This is a one-sided partisan political argument.
Everyone just lines up on their predictable partisan sides on issue after issue.
I do wish that RealMusic and Lash and others would show more propensity for independent thought.
How many of these threads are you going to start Real Music? You already started a thread on this exact topic.
I am glad you like my posts RM. That is very kind of you.
Don't worry, I am not going away.
The Texas Democrats who blocked a Republican-backed voting restrictions bill from becoming state law at the eleventh hour last month will head to the U.S. Capitol on Tuesday to lobby senators as part of a broader, last-ditch effort to rally support for a major voter rights bill.
Nearly two dozen state Democrats plan to lobby senators in behalf of the (For the People Act), a broad bill that would create a federal floor of voting rights access and kneecap laws like the one proposed in Texas and already enacted in other Republican-led states.
The schedule is still in flux, but a source with knowledge of the plans said the Texas legislators are scheduled to meet with Democratic Sens. Amy Klobuchar of Minnesota and Jeff Merkley of Oregon and Republican Sens. Ted Cruz and John Cornyn, both of Texas. They will also meet with House Speaker Nancy Pelosi, D-Calif., and hope to meet with Sen. Raphael Warnock, D-Ga., in their push for federal voting rights legislation.
They will head to the White House for a previously announced meeting Wednesday with Vice President Kamala Harris, who is leading the Biden administration's push to protect voting rights.
"This is, in my mind, a now-or-never moment. It's an all-hands-on-deck moment," state Rep. Trey Martinez Fischer said Sunday. "On that last day" of the Texas House session, "on that gloomy Sunday, we knew we didn't have the votes, but we found a will, and we found a way."
Voting rights activists and Democrats in Washington and beyond have argued for months that it is time for the Senate to eliminate the filibuster — the 60-vote threshold needed to pass legislation — to get the (For the People Act) and other parts of President Joe Biden's agenda through the closely divided Senate.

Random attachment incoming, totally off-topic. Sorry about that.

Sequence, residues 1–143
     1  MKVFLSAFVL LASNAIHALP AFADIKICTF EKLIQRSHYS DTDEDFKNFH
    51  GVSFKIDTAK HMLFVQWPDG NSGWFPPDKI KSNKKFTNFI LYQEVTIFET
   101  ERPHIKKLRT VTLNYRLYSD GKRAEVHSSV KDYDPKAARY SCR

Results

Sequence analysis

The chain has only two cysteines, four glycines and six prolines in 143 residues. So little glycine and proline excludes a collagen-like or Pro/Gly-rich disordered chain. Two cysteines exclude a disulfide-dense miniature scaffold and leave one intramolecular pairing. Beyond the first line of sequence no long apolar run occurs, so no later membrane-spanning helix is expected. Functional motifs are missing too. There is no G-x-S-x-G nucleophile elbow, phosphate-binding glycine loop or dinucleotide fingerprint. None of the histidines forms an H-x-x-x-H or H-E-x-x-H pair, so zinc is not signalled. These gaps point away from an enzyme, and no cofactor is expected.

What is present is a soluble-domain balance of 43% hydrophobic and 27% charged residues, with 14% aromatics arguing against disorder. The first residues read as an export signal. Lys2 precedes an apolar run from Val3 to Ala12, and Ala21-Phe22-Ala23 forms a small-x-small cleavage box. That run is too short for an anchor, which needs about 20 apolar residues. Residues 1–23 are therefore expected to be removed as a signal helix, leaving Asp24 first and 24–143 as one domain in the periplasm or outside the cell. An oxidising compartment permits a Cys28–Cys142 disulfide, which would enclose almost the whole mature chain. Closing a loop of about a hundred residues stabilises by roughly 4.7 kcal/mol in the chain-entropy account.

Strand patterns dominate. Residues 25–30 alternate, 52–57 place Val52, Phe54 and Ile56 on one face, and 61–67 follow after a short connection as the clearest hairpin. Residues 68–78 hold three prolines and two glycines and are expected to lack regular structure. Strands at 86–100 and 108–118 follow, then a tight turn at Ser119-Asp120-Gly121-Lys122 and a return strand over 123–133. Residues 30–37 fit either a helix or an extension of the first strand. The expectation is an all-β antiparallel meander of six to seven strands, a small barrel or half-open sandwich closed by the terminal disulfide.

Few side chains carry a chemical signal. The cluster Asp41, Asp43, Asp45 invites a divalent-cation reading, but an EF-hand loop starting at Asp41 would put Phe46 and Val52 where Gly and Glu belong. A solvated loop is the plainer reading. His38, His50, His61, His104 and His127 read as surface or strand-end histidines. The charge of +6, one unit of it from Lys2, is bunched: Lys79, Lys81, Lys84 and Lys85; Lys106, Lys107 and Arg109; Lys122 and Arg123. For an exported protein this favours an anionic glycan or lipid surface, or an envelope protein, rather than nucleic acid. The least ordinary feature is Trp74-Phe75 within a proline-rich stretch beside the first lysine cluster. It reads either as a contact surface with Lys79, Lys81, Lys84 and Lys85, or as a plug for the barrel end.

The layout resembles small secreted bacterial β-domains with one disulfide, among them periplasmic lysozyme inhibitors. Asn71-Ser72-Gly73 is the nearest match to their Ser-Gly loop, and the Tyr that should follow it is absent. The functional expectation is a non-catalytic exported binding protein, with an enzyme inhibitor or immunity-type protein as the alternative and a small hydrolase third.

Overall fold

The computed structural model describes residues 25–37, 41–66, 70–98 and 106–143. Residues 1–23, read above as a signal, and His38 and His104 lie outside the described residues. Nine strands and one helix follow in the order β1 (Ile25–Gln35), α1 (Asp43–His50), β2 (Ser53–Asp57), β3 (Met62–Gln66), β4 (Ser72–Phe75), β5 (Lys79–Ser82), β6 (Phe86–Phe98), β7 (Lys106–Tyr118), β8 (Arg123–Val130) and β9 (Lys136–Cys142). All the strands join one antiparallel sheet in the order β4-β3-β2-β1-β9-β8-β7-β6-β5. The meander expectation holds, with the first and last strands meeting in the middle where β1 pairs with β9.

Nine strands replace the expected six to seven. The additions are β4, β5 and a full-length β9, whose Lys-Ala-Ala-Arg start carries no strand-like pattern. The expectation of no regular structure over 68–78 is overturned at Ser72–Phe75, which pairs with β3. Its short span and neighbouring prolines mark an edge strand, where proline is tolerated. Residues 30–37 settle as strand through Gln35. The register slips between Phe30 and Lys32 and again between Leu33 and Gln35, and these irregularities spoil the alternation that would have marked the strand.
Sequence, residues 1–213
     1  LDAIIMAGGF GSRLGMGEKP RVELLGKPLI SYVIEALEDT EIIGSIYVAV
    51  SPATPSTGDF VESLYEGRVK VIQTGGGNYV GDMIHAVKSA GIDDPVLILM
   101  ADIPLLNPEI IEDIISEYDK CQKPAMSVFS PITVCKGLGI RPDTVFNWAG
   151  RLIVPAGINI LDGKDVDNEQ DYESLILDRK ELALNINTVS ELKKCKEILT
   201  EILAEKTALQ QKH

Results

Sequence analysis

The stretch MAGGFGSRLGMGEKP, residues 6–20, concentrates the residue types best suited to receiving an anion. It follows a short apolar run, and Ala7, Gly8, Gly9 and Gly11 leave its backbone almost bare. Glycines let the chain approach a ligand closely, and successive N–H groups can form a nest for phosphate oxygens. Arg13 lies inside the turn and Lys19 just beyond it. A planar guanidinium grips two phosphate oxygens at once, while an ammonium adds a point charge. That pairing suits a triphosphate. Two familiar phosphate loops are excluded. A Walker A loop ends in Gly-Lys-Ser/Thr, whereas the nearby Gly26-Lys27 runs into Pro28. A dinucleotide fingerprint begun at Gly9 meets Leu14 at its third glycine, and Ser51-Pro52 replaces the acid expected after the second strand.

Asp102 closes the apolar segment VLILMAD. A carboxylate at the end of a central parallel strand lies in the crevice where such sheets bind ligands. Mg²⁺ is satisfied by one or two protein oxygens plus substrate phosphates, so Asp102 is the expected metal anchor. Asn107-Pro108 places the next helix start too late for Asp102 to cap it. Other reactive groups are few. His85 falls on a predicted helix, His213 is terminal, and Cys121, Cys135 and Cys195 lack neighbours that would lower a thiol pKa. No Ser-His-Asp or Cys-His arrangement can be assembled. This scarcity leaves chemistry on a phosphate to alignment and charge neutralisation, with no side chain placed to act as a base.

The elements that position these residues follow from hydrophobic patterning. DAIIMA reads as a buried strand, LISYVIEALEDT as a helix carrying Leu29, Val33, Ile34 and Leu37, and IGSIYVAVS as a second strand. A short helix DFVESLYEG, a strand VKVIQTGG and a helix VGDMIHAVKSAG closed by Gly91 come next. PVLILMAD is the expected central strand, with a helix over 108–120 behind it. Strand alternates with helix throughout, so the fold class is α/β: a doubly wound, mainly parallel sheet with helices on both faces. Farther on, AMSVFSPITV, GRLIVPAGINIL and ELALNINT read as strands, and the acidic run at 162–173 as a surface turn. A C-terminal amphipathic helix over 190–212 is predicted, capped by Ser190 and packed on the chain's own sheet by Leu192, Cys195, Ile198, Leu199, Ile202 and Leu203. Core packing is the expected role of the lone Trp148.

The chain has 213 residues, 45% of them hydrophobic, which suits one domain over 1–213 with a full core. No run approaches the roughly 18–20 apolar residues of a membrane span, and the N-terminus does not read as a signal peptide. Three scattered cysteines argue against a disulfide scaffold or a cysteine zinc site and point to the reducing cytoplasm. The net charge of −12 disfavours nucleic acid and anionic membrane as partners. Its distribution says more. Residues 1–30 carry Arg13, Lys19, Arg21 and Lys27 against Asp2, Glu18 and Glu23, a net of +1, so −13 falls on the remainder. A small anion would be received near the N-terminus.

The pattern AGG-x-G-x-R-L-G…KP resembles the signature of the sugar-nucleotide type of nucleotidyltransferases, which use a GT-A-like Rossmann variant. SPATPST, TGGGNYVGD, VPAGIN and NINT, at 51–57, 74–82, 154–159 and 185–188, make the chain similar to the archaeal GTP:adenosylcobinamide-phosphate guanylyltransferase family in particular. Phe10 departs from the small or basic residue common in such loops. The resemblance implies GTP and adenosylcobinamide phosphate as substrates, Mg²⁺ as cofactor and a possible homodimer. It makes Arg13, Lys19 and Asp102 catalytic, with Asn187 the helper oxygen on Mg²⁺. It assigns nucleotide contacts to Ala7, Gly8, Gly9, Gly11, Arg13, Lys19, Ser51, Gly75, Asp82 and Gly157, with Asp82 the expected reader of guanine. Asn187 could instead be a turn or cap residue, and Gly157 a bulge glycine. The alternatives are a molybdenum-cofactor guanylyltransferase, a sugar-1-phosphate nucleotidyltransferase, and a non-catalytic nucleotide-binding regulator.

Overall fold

But moderate Democrats, including Joe Manchin of West Virginia, have repeatedly said they aren't on board with changing Senate rules. The (For the People Act) isn't backed by any Republicans, and in a recent opinion piece, Manchin firmly opposed the legislation, citing its lack of bipartisan support. Without GOP votes and without eliminating the filibuster, the bill, filed as H.R. 1, is all but dead.
Even so, advocates who see the bill as their only hope of countering Republican-led election limits say they're not ready to throw in the towel.
"We can't take no for an answer," said Rahna Epting, executive director of MoveOn, a progressive group. "If anything, Manchin raised the stakes on how much energy we're putting into this."
In interviews, more than a half-dozen prominent advocates of the legislation promised more lobbying, marches and ad campaigns and a summer of pressure that would seek to persuade Manchin and others to defy Republican opposition, change the filibuster rules and pass the legislation.
Beto O'Rourke, the Texas Democrat who narrowly lost a Senate race in 2018 and has been hosting voting rights events around the state, said he believes the group will bring "much-needed courage and backbone" to the fight in Washington this week.
"I hope those Texas state House Democrats are able to show their colleagues in the U.S. Senate the way to fight," he said Sunday.
He said he plans to draw more than 10,000 voters for a rally Sunday night at the Texas Capitol in Austin, featuring the Texas legislators after their week of lobbying in Washington. The Senate is expected to vote on the (For the People Act) for the first time next week.
"It is absolutely clear that only Congress can definitively stop this vote suppression and restore fair elections," said Wendy Weiser, vice president of the Democracy Program at the Brennan Center for Justice at the New York University School of Law.
Nsé Ufot, who leads the New Georgia Project and is working with advocates in West Virginia to pressure Manchin at home, said Manchin's op-ed was "a sign that it's time to escalate, not that the fight is over."
"I refuse to believe that one conservative Democrat is literally what is going to bring down the entire American government and the sort of 200-plus-year experiment in democracy," Ufot said.
Stacey Abrams' Fair Fight Action is reported to be planning a "Hot Call Summer" effort, with plans to text 10 million people in states with voting restrictions on the books or under consideration, to rally support for the (For the People Act).
In the 2020 election, we used our vote, whether it was cast early, by mail or on Election Day, to determine the future for our family, community and country. In the face of the COVID-19 pandemic, racial injustice and the confusion and sudden changes to the voting process thrown at us, we showed up and decided the outcome of a free and fair election.
Now, after showing our power as voters, some partisan politicians in state legislatures are pushing bills that would restrict our freedom to vote, while Congress is on the verge of passing laws to protect and strengthen it.